NOU 2018: 17

Climate risk and the Norwegian economy

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Key Takeaways

  • Climate change means climate risk. Climate change presents not only physical risk but also transition risk – the risk associated with economic impacts of the transition to a low carbon economy.

  • It is impossible to fully predict the effects of global warming. The impact of climate change will depend on how rapidly the changes occur, how large the changes are, as well as the adaptability of societies and ecosystems.

  • The possibility of catastrophic climate change cannot be excluded – even if we manage to limit carbon emissions. If critical tipping points are crossed, this may trigger self-reinforcing processes that cause more warming. From a risk prospective, it is important to consider all possible outcomes, not just the most likely.

  • The only relevant tool for reducing the risk of catastrophic climate change is effective climate policy. This, together with technology development, is critical to eliminate carbon emissions.

  • The Norwegian economy is highly integrated into the global economy and directly exposed to developments elsewhere. If already vulnerable states experience major negative effects from climate change, there will be an increased risk of political instability, humanitarian disaster and violent conflict in and between states. Increased migration flows, unstable food prices, supply disruption and changing production and trading patterns will affect both the global and the Norwegian economy. In addition, Norway is exposed through the large international financial holdings of its sovereign wealth fund.

  • An overall assessment of key risk factors indicates that the Norwegian economy is relatively resilient in a scenario with moderate climate change. Rich countries in the Northern Hemisphere are generally less exposed to the direct negative effects of climate change than poorer countries in the South.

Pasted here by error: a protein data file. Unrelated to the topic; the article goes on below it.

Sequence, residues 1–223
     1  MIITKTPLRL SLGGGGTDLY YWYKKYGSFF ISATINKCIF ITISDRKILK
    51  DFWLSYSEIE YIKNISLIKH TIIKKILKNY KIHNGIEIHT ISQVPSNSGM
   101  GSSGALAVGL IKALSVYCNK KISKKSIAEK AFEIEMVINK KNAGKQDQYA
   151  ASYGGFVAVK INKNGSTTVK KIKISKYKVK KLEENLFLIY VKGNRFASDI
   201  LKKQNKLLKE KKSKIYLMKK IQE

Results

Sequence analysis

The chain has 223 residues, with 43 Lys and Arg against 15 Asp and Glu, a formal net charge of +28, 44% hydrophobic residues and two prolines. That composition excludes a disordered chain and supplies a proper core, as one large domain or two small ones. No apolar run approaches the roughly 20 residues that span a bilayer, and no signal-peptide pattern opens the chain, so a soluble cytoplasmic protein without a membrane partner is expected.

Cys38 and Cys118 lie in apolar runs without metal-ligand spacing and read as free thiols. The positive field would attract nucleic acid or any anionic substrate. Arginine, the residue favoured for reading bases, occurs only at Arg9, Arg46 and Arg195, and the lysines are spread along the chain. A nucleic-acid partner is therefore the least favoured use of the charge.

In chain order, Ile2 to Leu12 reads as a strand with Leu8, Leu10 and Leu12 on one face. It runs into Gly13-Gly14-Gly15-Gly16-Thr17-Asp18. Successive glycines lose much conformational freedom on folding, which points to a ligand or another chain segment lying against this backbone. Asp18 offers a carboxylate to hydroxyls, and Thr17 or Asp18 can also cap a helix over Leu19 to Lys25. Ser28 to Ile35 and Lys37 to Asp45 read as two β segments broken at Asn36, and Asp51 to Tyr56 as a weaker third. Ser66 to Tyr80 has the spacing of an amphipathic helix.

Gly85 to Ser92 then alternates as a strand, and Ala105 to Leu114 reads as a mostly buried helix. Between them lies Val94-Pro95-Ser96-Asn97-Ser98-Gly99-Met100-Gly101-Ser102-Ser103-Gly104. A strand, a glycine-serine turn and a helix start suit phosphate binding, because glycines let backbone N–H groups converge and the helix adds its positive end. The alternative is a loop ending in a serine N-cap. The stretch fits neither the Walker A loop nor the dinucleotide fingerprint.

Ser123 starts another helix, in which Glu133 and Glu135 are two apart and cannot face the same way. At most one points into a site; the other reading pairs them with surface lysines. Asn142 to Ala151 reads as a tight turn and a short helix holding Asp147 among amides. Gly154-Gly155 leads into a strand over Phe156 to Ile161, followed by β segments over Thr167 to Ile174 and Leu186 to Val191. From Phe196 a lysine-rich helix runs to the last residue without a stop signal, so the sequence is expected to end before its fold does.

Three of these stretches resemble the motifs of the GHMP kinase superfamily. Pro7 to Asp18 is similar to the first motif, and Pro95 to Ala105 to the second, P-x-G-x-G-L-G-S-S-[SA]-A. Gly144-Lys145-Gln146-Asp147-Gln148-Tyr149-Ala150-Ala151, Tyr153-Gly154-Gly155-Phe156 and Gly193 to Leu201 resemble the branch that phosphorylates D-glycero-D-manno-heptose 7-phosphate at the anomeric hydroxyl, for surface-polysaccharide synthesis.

• Compared to the physical risk of climate change, transition risk is manageable. Effective global climate policy will reduce the value of Norway’s remaining petroleum reserves, but this risk is manageable from a national wealth perspective. As a risk-management tool, the Norwegian government should establish scenarios with price trajectories for oil, gas and CO2, including a scenario reflecting the ambitions under the Paris Agreement. Such scenarios will facilitate better decision making in the public sector, and can be used to stress test Norway’s exposure to transition risk.

  • For individual companies, transition risk could be significant and should be better understood and managed. An increased focus on knowledge, scenario analysis and corporate governance is important for private sector climate risk management.

  • The financial market is a key climate risk management arena. The transition to a low carbon economy requires large investments, and will thus represent both risks and opportunities to companies. To properly manage downside risks as well as exploit opportunities, financial market participants need to have a proper understanding of climate risk and better reporting is an essential tool.

  • The government should endorse the principles on disclosure and reporting recommended by the Task Force on Climate-related Financial Disclosures (TCFD). Such reporting will enhance the understanding of climate risk – both within companies and at the investor level.

  • A TCFD-inspired framework for climate risk disclosure should also be implemented at the national level. Such reporting will serve to enhance transparency and be a basis for better climate risk management and improved decision-making. A potential framework for such reporting is presented in the report.